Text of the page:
There was much city could, and should, have done before Garrity’s ruling

RE “A gap wider than ever” by Yvonne Abraham (Metro, June 22): Even back in the 1970s, the air that the Diver family breathed in the South End was somewhat more rarefied than that which we were breathing in neighborhoods such as South Boston. Indeed, well before busing, parents should have been horrified at what was happening to their children’s education.

Boston Public Schools were in a sorry state. “Smart kids” went to Girls’ and Boys’ Latin. Public school students transferring to the parochial school I attended came in a grade lower than the one they left. Sadly, it wasn’t until children were being bused to other neighborhoods inhabited by people of color that there rose a hue and cry.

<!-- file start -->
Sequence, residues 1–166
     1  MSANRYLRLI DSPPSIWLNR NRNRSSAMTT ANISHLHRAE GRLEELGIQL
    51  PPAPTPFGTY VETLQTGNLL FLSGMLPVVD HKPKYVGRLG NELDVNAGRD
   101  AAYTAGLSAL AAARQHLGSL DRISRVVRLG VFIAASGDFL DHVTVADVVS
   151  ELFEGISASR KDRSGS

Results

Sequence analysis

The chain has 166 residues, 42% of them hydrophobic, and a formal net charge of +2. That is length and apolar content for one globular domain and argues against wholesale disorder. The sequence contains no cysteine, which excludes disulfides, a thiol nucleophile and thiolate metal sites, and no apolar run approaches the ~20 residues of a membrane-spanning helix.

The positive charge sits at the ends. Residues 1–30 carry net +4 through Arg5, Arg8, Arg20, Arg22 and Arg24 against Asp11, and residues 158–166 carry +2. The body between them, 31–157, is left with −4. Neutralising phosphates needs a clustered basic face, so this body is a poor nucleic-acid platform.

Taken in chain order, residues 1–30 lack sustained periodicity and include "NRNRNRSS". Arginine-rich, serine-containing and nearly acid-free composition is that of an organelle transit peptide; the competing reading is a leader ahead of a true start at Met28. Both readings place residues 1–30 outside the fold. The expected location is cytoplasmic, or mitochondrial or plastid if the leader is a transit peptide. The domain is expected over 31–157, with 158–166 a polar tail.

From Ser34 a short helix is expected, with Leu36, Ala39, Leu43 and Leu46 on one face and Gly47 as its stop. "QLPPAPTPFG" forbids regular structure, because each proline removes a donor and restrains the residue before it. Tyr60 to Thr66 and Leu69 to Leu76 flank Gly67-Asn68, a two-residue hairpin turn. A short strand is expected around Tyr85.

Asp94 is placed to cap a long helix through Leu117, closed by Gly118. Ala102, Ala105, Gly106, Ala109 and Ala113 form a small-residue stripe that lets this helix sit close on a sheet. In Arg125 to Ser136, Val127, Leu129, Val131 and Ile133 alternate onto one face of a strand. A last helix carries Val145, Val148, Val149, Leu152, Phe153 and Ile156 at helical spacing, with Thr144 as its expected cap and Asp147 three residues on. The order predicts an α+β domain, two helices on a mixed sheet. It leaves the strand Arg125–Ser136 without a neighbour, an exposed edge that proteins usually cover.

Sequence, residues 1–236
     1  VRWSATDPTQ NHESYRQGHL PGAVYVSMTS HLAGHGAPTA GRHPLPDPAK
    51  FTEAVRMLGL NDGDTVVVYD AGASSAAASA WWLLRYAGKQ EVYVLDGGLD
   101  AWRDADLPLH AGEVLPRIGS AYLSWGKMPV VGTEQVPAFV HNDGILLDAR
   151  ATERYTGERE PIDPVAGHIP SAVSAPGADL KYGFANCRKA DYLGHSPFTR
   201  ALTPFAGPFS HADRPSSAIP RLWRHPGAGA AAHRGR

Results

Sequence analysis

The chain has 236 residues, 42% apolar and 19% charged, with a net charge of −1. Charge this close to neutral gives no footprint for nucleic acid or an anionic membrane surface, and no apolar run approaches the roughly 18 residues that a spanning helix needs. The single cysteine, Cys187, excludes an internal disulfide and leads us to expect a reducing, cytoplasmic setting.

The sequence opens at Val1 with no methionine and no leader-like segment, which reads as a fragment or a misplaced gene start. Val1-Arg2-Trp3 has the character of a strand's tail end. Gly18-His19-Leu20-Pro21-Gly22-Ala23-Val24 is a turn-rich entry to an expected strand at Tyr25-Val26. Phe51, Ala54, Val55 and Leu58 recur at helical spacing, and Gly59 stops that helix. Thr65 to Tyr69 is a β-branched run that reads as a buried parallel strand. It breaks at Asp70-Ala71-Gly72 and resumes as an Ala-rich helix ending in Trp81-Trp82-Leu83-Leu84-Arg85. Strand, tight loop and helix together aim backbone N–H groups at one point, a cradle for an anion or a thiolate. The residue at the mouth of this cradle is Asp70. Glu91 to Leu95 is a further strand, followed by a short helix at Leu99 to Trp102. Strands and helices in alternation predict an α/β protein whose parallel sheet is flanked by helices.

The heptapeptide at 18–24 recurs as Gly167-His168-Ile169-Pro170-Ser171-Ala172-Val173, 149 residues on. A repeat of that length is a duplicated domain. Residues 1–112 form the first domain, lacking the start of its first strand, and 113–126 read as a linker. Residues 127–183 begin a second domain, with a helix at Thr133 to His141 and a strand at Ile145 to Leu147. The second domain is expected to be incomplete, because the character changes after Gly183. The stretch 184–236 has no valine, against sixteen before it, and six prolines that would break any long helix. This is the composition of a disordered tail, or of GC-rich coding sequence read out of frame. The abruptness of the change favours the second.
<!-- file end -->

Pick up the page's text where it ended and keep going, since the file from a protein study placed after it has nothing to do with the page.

There was nothing sudden about busing. We had the Civil Rights Act of 1964 concerning desegregation. In 1968, the Supreme Court ruled that states must dismantle segregated school systems. Where were the members of the Boston School Committee? Why weren’t they coming up with plans to ease the children of Boston into some sort of humane transition? They were too busy thinking about which office they’d run for next, telling bewildered parents to dig in their heels.


What were we left with? We had children who witnessed adults at their ugliest, who were pulled out of school, who learned only to have contempt for education and authority, and who then gave birth to their own children. There’s plenty of blame to go around concerning busing, the least of which should be placed at the feet of Judge W. Arthur Garrity.

Georgianna Johnson

South Boston